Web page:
Death and Taxes
May 19, 2001
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Today's New York Times includes a front-page news article claiming that low taxes and less government are dangerous to your health.
Here's how the Times puts it: "In Nevada, these experts say, a long legacy of low-tax, libertarian government, rural isolation and a steely tradition of self-reliance have combined with a population growth of more than 60 percent in the last decade that has left little sense of community to create huge challenges to the state's mental and physical health."
And, lower down, here's the obligatory paragraph thrown in to give the appearance of balance: "Conservatives are quick to argue that social pathologies like suicide and smoking are not caused by low taxes or limited government, and that government's ability to solve them may be limited, too."
This is the nature of the tax debate in the pages of the New York Times: "experts say" that low taxes "create huge challenges" to "mental and physical health," while "Conservatives are quick to argue" that low taxes do not cause social pathologies.
To many readers, the statements that "social pathologies like suicide and smoking are not caused by low taxes or limited government," and that "government's ability to solve them may be limited, too" are not matters that "conservatives are quick to argue," but truths that are pretty obvious to anyone who gets information from outside the news columns of the New York Times and its "experts."
Let's take the case of smoking. The Times article reports that "Nevada has the highest adult smoking rate and the highest death rate from smoking." Well, interesting coincidence, that. One wonders how, exactly, the "death rate from smoking" is measured. After all, everyone dies, eventually, and when one does, the cause of death is usually listed as heart disease or lung cancer or emphysema, not "smoking." Well, from what Smartertimes.com can tell, the "death rate from smoking" was derived by plugging the number of smokers in a state into a government computer program that "estimates the number of smoking-related deaths" by "using attributable risk formulas based on smoking prevalence." In other words, the fact that Nevada has "the highest death rate from smoking" is based on plugging Nevada's high number of smokers into a computer program that says the more you smoke the more likely you are to die. Smartertimes.com isn't denying that smoking is bad for your health. But the idea of using the facts that "Nevada has the highest adult smoking rate and the highest death rate from smoking" as two independent statistics to hammer away at the state's low taxes -- when in fact the second statistic is an estimate derived from plugging the first statistic into a computer program -- seems tendentious. Have a look at the short government study that the smoking-related deaths statistic is based on and see for yourself if you want: http://www.cdc.gov/mmwr/preview/mmwrhtml/00031998.htm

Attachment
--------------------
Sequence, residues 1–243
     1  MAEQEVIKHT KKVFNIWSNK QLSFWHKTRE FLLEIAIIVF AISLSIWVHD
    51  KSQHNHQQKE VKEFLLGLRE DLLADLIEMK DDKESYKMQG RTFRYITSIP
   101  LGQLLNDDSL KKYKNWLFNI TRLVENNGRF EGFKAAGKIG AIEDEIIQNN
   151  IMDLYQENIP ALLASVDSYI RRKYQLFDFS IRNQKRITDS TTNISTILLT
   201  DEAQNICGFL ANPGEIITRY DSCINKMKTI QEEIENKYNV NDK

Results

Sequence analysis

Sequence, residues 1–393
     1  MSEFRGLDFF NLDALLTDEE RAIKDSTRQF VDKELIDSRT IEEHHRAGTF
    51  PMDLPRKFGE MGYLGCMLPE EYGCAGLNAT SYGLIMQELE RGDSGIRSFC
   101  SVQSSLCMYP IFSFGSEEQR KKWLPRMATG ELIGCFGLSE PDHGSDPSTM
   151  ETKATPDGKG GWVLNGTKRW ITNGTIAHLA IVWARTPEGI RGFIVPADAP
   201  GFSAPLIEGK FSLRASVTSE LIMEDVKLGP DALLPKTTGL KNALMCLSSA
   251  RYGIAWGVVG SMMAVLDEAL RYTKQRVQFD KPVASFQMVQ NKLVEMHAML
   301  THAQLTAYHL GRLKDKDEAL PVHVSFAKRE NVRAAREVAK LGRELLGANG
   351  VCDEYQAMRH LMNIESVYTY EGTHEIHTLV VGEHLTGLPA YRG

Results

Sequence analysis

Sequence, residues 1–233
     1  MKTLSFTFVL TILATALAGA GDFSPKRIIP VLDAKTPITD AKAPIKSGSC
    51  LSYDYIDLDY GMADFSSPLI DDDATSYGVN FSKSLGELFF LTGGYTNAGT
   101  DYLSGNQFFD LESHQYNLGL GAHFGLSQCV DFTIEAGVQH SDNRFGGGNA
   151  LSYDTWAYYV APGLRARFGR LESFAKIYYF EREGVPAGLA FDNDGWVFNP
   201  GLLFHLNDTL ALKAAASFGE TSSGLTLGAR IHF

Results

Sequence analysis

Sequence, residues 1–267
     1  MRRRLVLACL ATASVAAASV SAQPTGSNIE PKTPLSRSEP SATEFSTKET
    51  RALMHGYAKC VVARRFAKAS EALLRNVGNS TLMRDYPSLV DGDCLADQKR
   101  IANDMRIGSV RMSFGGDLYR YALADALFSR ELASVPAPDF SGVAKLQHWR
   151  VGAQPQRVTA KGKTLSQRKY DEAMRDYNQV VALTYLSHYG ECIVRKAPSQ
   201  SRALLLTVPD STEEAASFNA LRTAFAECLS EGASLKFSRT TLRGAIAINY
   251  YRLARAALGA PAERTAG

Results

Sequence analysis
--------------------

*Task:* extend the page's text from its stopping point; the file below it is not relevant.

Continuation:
Besides, the notion that smoking is caused by "low-tax, libertarian government" is just utterly contradicted by the facts. The smoking prevalence in Nevada is 38 percent for men aged 35-64, 15 percent for men 65 or over, according to the 1989 census numbers cited in that Centers for Disease Control study. In contrast, the highest male smoking prevalence in the world is in Communist Vietnam, where 72.8 percent of men smoke, according to the World Health Organization. In Communist China, according to the World Health Organization, 63 percent of adult males smoke and 61 percent of the male physicians smoke. Neither China nor Vietnam is known for its "low-tax, libertarian government."
Correction Correction: The lead item in the correction column of today's New York Times is almost word-for-word the same as the lead item in the correction column of Friday's New York Times. The correction relates to the reason that U.N. weapons inspectors left Iraq. It's not as if the Times repeated the error twice, as it sometimes does; these two corrections refer back to the same Thursday news article. Maybe complaining Iraqi officials browbeat the Times into agreeing to run the correction two days in a row? We'll see if the correction runs a third time in tomorrow's paper.
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